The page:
Productive Macs Includes Default Folder X
I’ve had Default Folder X for years. As I recall, I first found it browsing MacUpdate … (Before there was the App Store, there was MacUpdate and VersionTracker, which has since been absorbed by CNET. I prefer MacUpdate to the App Store. I find it easier to search, plus they include non-App-Store apps and users recommend alternatives to the app profiled.)
Anyway, I was browsing MacUpdate, came across Default Folder X, read the description and some positive reviews, and thought, hey, that sounds interesting. Then I looked at the price — about $35 — read the description again and the positive reviews again, and thought, that sounds interesting but not for that price. I didn’t even bother downloading it.
Later, I won a free copy. It took about a week for me to go from meh to this is really useful. It took another week to go from that to recommending it. It took another month before I thought it was worth the price. Much later, when it came time to upgrade, I didn’t even think about it. When I work on Mac’s that don’t have Default Folder X, I’m not happy.
The premise is siimple: Default Folder X adds a toolbar to your Open and Save dialogs, allowing you to quickly navigate to favorite and recently used folders, and to open folder windows in the Finder. It’s that last one that I use the most. So you have a document open that you want to save in some folder that several levels down inside another folder. That folder you want to save to is open in Finder. Somewhat like in the screenshot below.
On a Mac without Default Folder X, you might have to navigate to that folder when saving your document. With Default Folder X, you hover the mouse cursor above the destination folder and click. In the screenshot below, the folder that the mouse is hovering over is greyed and outlined, with a folder icon and the folder’s name appearing over the folder. This makes it easier to differentiate among a bunch of folders layered on the Desktop. In the screenshot below, the Downloads folder is the current destination in the Save dialog. As soon as you click on the outlined folder on the right, that folder will become the destination in the Save dialog window. At the bottom of the toolbar, you can add and edit comments, and apply a label.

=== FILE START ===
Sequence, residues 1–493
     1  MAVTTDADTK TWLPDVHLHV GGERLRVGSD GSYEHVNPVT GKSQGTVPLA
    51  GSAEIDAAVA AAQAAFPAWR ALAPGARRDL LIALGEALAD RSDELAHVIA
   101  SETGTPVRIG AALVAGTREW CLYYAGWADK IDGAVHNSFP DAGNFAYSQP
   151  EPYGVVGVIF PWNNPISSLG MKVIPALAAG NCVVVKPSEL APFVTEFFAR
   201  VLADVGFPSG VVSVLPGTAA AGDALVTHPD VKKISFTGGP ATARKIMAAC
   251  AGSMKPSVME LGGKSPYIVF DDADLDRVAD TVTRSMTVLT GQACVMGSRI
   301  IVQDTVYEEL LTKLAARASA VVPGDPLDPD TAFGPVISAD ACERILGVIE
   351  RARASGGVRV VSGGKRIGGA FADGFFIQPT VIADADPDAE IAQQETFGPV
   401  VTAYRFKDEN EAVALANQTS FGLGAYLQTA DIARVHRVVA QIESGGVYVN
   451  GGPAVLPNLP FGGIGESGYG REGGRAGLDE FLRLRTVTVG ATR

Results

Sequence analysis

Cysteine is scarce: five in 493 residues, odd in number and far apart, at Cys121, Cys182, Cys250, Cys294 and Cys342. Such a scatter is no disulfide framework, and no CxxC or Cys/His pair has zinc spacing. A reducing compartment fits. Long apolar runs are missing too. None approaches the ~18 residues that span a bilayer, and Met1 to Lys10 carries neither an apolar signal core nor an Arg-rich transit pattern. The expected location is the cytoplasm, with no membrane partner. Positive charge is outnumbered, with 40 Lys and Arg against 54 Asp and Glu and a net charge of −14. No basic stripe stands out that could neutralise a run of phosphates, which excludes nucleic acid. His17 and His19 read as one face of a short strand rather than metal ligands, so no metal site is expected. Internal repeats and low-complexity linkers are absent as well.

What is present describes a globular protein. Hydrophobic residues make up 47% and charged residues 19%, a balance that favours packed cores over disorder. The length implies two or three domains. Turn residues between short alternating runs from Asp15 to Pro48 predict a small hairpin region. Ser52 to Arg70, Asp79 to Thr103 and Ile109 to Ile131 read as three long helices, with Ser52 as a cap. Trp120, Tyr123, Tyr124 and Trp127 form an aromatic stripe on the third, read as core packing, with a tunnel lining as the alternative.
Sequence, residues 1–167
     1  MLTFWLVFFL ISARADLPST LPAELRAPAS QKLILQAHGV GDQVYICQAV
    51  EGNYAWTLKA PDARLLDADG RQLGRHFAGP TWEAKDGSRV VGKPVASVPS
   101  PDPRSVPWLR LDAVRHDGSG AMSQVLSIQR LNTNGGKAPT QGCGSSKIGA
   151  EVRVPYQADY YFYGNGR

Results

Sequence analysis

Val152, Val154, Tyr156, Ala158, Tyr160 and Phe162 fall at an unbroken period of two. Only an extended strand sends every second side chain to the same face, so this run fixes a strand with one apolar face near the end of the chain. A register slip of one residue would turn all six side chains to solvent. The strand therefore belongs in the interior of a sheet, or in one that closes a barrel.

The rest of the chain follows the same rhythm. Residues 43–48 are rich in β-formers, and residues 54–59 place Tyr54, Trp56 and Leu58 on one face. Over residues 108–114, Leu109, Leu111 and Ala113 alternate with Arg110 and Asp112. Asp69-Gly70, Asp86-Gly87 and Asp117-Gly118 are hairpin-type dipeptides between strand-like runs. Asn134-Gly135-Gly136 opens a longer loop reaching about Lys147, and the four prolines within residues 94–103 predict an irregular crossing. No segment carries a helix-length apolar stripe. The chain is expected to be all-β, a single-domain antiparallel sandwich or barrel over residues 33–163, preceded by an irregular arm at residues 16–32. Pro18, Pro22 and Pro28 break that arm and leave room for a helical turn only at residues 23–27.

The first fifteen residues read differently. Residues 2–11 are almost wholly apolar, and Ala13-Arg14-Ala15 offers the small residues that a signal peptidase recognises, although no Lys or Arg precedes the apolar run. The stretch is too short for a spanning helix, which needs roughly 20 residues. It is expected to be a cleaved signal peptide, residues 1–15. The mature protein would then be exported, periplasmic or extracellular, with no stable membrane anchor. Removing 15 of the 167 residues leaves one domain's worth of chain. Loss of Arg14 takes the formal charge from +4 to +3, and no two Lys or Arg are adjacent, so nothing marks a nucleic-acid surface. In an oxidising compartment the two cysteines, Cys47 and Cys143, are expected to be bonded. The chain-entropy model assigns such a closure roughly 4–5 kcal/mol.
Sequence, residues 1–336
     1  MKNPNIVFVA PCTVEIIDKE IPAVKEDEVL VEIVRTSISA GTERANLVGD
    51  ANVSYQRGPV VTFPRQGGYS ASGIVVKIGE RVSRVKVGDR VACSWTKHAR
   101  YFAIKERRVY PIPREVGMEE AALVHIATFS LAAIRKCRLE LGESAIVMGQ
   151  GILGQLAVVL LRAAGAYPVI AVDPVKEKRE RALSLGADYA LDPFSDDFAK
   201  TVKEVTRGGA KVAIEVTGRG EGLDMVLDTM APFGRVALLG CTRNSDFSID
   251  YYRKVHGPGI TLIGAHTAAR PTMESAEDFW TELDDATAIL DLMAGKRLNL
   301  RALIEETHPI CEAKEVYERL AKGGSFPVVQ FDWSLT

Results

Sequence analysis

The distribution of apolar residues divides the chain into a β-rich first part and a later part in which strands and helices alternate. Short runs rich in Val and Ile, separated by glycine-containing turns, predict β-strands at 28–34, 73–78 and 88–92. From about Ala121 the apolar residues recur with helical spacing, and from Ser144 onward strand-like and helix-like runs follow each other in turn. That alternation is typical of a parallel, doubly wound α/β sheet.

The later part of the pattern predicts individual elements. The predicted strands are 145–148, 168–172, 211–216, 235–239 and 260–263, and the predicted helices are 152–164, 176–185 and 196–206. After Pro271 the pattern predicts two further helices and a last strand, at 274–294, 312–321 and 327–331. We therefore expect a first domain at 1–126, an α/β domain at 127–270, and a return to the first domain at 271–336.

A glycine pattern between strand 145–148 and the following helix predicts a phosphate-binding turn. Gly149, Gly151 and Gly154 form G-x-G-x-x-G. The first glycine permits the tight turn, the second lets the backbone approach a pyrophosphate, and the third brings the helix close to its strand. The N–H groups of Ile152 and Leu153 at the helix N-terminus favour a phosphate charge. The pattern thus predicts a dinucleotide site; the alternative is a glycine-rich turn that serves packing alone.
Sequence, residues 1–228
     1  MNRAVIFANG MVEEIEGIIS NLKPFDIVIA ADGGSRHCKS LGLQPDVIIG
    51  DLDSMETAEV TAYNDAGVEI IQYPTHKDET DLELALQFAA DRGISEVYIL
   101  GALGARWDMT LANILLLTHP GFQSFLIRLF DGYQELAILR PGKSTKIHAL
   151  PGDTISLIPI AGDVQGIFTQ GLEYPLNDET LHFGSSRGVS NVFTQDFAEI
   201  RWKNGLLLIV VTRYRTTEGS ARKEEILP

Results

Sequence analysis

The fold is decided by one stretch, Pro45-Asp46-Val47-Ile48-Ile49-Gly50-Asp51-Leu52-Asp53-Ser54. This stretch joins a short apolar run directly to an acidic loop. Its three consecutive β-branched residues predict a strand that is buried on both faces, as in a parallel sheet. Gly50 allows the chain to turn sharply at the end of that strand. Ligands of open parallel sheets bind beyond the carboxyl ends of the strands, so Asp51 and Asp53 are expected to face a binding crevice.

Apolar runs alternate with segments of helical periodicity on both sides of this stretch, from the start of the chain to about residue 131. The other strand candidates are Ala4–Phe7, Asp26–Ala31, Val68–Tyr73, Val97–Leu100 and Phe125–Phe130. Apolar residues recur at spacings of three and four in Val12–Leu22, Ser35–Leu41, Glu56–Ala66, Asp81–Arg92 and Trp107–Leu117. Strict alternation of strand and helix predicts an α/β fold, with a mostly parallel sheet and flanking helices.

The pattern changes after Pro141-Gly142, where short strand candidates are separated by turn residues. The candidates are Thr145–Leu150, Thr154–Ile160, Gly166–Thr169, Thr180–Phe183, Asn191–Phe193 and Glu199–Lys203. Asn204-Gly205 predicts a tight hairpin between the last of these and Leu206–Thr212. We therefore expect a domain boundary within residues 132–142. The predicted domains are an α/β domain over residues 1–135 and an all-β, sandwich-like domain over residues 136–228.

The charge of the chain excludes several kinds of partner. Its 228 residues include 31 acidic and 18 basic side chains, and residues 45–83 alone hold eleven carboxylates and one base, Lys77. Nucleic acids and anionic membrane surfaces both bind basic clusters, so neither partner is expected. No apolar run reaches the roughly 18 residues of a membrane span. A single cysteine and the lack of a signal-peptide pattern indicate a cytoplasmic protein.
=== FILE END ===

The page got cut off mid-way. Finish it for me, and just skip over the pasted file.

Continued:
Think that’s cool? The bottom of the toolbar changes for the Open dialog window, allowing you to preview files, display item information, view, add or edit comments and tags, and view and change permissions, and not just on the file you want to open. The screenshot below shows the permissions for the selected item.
What if you don’t have the destination folder open? See those nifty icons on the right side of the Default Folder X toolbar? My favorite is the Favorites icon, the heart in the middle. You can add folders that you use often to Favorites, either on the fly or through the Default Folder X preferences pane (in System Preferences). Note that you can even designate hotkeys for your favorite folders, so your hands never have to leave the keyboard when opening and saving.
The icon above the heart icon on the Default Folder X toolbar looks like a computer, and it’s there you can easily access disks on your system, navigating through a series of submenus. The icon below the heart looks like a clock, and allows easy acess to recent folders and their contents. The icon at the bottom is the Finder icon, and that lets you easily access all open Finder windows. If you’re anything like me, you can easily have ten or twenty windows open, making it challenging to find the right folder. With this option, you can navigate those open Finder windows.
The icon at the top is for Default Folder X utilities. Clicking on it shows the menu below, where you can access help, preferences, and perform a number of actions on the current destination folder.
There’s more. You can set up a default folder for an application. For instance, in the screenshot below, Microsoft Word is set up to automatically display the Documents folder the first time it displays an open and save dialog. This setting is for the
Default Set Folder Set. You can set up different folder sets. Your Coding Folder Set might have Sublime Text 2’s default folder as Git, while your Websites Folder Set has Sublime Text 2’s default folder as Sites.
Default Folder X has some other settings, including:
- Display Default Folder X in the Dock and/or the menu bar, or neither
- Change the color (gray, black or black bezel — not much of a selection) and position of the toolbar
- Exclude Default Folder X from specified applications
- Display an application’s default folder each time a file dialog is displayed